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South African Journal of Occupational Therapy

On-line version ISSN 2310-3833
Print version ISSN 0038-2337

S. Afr. j. occup. ther. vol.46 n.1 Pretoria Apr. 2016

http://dx.doi.org/10.17159/2310-3833/2016/v46n1a8 

SCIENTIFIC ARTICLES

 

The impact of the "Developmental Resource Stimulation Programme" (DRSP) on children with Down syndrome

 

 

Dorothy Charmaine RussellI; Rita van HeerdenII; Santie van VuurenIII; André VenterIV; Gina JoubertV

IMOT (UFS), PhD OT (UFS)- Senior occupational therapist / Director at Bloemfontein Child Information Centre, Faculty of Health Sciences, Department of Paediatrics and Child Health, University of the Free Sate
IIMOT (UFS), PhD (HPE) (UFS) - Senior Lecturer, Department of Occupational Therapy, University of the Free State
IIIMOT (UFS), PhD (HPE) (UFS)- Head of the School for Allied Health Professions, Faculty of Health Sciences, University of the Free State
IVMBChB (Pret), MMED (Wits), PhD (CAN), DCH (SA), FCP (SA)- Academic Head of the Department of Paediatrics and Child Health, Faculty of Health Sciences, University of the Free State
VBA, MSc (UFS) Associate Professor and Head of Department, Department of Biostatistics, Faculty of Health Sciences, University of the Free State

Correspondence

 

 


ABSTRACT

BACKGROUND: This study investigated the impact of an intensive early-intervention programme, the Developmental Resource Stimulation Programme (DRSP), on Down syndrome (DS) children younger than 42 months in the South African context. The DRSP is a unique, child-parent specific, one-on-one, integrated developmental programme for children with Down syndrome from birth to 42 months.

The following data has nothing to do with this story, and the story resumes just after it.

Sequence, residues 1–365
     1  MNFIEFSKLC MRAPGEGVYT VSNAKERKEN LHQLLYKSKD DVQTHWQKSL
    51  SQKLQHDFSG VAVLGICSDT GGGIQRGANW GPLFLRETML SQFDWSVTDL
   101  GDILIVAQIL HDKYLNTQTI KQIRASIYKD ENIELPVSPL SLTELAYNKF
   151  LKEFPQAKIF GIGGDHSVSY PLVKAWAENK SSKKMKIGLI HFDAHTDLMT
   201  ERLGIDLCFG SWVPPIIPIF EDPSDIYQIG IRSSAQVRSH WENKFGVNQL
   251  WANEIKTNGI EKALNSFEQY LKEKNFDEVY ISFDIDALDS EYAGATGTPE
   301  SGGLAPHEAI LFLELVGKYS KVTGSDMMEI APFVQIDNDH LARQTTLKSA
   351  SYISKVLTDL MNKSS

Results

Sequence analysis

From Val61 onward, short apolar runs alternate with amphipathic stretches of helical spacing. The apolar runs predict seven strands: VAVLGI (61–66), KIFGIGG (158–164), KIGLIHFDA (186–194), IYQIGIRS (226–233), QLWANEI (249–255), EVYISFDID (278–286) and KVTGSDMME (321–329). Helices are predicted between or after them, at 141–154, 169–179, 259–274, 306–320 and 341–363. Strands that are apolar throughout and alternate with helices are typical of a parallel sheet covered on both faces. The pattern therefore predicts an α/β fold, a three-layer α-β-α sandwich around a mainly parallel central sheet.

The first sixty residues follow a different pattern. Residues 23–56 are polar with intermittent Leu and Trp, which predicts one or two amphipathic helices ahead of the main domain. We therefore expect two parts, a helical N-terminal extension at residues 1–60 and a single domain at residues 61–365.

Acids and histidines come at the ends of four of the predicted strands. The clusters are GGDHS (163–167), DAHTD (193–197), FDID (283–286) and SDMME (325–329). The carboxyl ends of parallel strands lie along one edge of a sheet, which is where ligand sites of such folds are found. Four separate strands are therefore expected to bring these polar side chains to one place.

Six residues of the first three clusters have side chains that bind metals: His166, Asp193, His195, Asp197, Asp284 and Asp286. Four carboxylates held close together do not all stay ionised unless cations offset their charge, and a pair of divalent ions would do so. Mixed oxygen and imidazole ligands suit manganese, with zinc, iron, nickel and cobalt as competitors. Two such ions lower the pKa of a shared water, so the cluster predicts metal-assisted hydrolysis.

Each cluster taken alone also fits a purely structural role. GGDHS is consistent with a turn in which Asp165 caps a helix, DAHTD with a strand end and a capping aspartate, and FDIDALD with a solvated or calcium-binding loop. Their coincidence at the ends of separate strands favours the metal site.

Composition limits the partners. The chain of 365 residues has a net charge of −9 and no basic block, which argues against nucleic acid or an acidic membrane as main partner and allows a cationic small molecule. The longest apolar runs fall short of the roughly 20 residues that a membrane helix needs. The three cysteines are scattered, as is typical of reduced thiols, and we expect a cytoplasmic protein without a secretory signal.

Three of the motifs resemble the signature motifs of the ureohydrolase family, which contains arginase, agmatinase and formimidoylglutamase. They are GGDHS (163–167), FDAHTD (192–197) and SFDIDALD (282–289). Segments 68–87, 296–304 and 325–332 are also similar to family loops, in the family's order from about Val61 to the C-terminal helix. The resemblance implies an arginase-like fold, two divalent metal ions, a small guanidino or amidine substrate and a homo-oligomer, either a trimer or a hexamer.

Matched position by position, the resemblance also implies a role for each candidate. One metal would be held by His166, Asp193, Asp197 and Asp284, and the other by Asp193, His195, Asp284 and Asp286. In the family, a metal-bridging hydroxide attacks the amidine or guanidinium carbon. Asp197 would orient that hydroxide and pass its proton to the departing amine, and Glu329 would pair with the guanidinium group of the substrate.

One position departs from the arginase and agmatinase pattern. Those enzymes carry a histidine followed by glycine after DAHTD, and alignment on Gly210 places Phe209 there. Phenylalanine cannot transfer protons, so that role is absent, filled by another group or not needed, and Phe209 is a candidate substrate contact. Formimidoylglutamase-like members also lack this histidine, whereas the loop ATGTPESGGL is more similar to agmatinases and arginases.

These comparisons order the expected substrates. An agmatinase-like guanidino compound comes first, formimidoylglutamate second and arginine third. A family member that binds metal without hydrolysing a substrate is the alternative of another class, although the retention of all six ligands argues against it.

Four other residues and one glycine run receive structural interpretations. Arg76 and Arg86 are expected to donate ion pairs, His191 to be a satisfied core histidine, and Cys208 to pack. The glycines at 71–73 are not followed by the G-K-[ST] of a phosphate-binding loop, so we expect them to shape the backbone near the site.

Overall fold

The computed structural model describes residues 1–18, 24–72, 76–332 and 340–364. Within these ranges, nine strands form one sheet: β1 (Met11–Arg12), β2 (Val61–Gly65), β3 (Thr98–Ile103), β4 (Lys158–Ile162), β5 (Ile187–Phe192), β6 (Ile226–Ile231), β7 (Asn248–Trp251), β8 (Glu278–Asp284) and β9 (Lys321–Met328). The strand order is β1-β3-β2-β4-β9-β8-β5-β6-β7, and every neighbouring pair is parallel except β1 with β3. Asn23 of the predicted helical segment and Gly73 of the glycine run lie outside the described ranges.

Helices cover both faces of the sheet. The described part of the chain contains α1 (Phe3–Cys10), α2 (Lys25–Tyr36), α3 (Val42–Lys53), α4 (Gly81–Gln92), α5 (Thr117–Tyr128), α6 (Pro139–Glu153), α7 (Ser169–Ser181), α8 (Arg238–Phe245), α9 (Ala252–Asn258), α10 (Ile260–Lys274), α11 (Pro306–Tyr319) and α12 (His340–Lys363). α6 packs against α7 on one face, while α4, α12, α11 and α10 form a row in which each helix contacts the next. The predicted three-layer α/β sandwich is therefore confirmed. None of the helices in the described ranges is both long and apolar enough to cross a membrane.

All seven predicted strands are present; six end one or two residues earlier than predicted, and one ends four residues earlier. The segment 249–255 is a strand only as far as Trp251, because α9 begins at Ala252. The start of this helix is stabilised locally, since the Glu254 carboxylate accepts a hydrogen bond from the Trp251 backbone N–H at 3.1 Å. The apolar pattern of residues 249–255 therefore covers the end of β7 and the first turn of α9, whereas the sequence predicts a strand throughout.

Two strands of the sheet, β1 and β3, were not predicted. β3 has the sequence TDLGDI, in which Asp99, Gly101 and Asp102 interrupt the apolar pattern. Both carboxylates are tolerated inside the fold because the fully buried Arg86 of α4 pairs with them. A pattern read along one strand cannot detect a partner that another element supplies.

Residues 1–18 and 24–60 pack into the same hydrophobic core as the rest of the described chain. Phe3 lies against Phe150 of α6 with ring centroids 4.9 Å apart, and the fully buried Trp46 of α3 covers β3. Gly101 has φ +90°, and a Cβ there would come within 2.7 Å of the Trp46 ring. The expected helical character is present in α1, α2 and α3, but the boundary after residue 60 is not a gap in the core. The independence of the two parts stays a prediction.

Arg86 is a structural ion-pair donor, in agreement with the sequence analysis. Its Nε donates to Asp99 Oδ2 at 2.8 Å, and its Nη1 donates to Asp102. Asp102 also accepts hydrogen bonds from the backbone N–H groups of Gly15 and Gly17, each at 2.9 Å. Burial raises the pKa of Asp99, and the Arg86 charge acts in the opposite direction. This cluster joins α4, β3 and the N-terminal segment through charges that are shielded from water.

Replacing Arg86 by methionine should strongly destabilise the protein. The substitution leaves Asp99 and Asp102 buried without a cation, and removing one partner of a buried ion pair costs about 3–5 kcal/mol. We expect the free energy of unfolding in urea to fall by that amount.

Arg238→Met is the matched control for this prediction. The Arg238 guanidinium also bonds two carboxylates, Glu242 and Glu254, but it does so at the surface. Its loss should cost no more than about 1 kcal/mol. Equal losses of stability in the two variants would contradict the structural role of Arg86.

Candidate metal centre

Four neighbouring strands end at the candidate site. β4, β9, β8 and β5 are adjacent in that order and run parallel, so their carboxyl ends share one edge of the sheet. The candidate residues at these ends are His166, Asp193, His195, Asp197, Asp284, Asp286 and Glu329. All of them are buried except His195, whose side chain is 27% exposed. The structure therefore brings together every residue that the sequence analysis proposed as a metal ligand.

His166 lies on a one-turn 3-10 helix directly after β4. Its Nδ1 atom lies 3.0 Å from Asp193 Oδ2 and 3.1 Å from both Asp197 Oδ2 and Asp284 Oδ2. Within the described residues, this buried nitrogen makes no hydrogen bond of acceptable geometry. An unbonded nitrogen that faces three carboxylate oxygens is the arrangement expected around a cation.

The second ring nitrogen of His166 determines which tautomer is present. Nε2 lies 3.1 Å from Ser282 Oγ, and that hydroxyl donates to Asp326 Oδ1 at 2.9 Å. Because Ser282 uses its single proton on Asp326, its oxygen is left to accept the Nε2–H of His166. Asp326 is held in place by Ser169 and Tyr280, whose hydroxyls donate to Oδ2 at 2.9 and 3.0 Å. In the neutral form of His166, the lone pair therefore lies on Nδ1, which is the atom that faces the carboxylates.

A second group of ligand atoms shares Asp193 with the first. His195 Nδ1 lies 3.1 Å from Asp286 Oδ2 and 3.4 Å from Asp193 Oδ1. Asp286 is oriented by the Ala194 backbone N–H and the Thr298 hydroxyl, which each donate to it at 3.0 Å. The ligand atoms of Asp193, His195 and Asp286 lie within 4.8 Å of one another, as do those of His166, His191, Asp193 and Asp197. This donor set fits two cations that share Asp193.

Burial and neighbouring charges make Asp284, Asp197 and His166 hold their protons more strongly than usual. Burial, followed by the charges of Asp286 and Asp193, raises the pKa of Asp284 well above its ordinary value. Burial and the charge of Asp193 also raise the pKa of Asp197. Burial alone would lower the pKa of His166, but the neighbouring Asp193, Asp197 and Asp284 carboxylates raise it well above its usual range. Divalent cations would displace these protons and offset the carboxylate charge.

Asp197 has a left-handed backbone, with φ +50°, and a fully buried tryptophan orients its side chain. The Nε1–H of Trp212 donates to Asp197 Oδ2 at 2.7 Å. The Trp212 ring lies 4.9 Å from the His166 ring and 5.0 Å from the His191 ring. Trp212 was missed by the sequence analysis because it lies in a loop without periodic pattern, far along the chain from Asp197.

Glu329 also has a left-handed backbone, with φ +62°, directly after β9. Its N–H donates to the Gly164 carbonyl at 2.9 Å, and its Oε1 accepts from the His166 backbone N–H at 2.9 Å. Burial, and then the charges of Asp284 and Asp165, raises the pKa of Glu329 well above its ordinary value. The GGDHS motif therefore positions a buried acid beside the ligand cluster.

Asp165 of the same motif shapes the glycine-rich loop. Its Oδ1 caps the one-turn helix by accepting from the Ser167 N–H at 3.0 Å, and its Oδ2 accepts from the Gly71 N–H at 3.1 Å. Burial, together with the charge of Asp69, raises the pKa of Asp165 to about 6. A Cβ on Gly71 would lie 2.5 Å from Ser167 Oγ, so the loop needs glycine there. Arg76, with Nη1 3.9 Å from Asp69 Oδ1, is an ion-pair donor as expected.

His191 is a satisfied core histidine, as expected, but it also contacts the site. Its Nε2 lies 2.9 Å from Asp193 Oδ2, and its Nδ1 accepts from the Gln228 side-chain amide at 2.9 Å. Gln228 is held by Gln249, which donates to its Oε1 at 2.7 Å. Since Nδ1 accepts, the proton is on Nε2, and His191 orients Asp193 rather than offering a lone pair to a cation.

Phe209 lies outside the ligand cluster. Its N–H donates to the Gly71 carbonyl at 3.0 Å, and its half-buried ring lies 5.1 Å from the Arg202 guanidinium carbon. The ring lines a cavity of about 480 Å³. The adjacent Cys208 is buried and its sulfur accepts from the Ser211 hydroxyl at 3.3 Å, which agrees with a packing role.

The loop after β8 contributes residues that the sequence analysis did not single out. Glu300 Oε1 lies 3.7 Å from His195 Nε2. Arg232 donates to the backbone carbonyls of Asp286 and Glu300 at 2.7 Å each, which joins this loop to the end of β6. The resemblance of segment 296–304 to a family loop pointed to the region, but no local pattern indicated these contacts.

AIM: The aim of this study was to investigate the impact of the DRSP on Down syndrome children younger than 42 months in the South African context.
METHODOLOGY: A non-randomised control group pre-test-post-test design was followed. The Bayley Scales of Infant and Toddler Development, 3rd edition was used. Thirty children with the general characteristics of DS, specifically Trisomy 21, were included in the study. There were two groups, namely the intervention group (n = 16) and the control group (n = 14) which were studied over a period of six months.
RESULTS: This study showed that a specifically designed programme, with participation of a parent, has a positive impact on the development of the child with Down syndrome.
CONCLUSION: Contrary to the existing literature, there were positive changes in the fine-motor development and language of the intervention group overall and in the gross-motor development of children older than 9-months with Down syndrome
.